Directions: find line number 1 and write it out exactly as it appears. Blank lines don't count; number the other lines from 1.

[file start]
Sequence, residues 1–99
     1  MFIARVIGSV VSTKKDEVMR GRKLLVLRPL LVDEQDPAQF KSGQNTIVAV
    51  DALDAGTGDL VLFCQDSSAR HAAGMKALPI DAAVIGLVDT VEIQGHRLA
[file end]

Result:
Sequence, residues 1–99